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Chautauquas celebrate 25 years; founder honored at convention

NASHVILLE, Tenn. (BP)–There is debate over its meaning and practically no one can spell it, but “Chautauqua” is now an established term among many Southern Baptist senior adults.

It’s been 25 years since the first conference exclusively for seniors was held at Ridgecrest (N.C.) Baptist Conference Center.

Adelle Carlson, now a senior adult herself, still remembers looking for just the right name for the meeting.

“Young people had ‘youth blasts’ and ‘celebrations.’ I wanted senior adults to have a unique term of their own, one that would make our conference distinct,” Carlson, then a senior adult consultant at the Baptist Sunday School Board, remembered.

Thumbing through an unabridged dictionary, she checked for other meanings of words like “retreat,” “conference” and “assembly.” It was the latter word that triggered the thought of “chautauqua.”

The dictionary explained that “chautauqua” was an institution that flourished in the late 19th and early 20th centuries in America providing popular education usually combined with entertainment in the form of lectures, concerts or dramatic performances, often presented outdoors or in a tent.

Still another reference book informed her that chautauquas were modeled after summer schools established at Chautauqua, N.Y.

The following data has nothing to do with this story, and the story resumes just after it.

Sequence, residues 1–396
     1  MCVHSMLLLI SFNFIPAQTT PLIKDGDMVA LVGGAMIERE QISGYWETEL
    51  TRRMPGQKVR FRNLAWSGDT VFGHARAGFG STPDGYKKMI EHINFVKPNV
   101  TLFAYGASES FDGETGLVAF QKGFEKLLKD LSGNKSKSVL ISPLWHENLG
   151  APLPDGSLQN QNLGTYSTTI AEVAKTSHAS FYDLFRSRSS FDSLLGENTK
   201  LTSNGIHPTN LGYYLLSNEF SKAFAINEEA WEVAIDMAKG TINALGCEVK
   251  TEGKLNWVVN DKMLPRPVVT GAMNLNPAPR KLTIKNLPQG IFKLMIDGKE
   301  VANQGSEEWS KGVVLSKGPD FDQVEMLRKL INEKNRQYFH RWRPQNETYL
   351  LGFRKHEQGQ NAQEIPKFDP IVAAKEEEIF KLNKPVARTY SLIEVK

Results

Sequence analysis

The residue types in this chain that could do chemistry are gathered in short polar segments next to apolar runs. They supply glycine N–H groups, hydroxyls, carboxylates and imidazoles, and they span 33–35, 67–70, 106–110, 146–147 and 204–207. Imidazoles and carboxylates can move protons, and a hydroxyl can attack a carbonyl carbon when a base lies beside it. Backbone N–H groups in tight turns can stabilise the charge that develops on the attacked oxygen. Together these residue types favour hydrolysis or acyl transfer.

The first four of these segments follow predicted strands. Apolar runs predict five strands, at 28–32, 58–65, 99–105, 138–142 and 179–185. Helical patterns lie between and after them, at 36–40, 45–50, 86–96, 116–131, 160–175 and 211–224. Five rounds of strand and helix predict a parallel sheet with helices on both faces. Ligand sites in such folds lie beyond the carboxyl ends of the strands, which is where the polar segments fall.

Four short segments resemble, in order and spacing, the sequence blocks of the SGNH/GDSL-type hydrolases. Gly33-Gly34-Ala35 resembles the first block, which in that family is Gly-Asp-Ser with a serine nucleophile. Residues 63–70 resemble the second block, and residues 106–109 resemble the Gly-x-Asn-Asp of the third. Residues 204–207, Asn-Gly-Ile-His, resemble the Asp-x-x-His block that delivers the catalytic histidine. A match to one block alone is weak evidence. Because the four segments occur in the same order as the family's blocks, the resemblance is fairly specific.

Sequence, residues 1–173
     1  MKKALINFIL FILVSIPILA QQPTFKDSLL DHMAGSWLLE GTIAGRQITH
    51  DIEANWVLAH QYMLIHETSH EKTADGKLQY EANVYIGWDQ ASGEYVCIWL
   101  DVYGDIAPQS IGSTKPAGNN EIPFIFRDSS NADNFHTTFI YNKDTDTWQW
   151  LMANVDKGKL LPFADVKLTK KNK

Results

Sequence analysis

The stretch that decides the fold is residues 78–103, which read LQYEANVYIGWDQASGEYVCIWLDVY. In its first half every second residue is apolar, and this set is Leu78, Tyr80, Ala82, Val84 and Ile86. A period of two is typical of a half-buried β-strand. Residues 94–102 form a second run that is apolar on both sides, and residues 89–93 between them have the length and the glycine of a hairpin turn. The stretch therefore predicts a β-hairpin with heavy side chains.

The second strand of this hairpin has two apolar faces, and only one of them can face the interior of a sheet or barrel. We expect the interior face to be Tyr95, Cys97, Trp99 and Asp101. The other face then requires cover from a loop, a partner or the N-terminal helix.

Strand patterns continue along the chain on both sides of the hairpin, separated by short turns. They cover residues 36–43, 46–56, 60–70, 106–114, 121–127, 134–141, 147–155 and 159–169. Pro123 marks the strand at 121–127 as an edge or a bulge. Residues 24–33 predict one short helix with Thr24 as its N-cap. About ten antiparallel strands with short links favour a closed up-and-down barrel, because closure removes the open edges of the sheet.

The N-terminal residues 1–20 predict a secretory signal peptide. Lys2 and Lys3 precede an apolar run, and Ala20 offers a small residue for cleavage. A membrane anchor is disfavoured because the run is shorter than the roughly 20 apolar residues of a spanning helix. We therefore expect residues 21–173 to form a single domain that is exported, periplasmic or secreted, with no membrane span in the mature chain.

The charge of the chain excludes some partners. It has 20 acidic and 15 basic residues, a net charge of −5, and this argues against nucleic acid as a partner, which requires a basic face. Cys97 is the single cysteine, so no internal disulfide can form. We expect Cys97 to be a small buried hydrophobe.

She later learned a frequent speaker at early chautauquas was B.W. Spilman, the man credited with starting the Ridgecrest Baptist Conference Center.

The name seemed perfect.

“It was so different, it caught on,” said Carlson, now retired and a resident of Mobile, Ala., where she is an active member of Cottage Hill Baptist Church. She was honored for her role in starting Chautauquas April 29 during the third National Senior Adult Convention in Nashville, Tenn. The meeting, which attracted a crowd of 11,000 senior adults, was sponsored by the Baptist Sunday School Board’s discipleship and family development division.

At the first Chautauqua 25 years ago, Carlson said she had no budget and “sat up half the night putting together table favors with my mom and dad. We weren’t even allowed to use the large auditorium; we had to use a smaller room that only held 400 people. That’s how many people we had.”

From that original one-location event, Chautauquas have spread to sites across the country. Each year, the conferences involve thousands of senior adults in a week of Bible study, morning devotions, preaching, seminars, concerts and singing.

“I wanted it to be spiritual first, but also educational and fun,” Carlson said. “I think we were able to do that and it’s still happening.

“It’s very gratifying and humbling to have played a part in this. It’s good to know that church leaders have been challenged to begin or strengthen senior adult ministry programs because of these meetings.”

So, what does the term “chautauqua” really mean? That’s still in doubt, according to Carlson. Indians, the French and other early Americans had a part in molding it into its present form, she said, adding some define it as “the foggy place” while others say it means “the place high up.”

But exact meaning isn’t important, Carlson said.

“People may have trouble spelling it, but they remember the name. And senior adults enjoy attending these meetings. That’s what counts.”

    About the Author

  • Chip Alford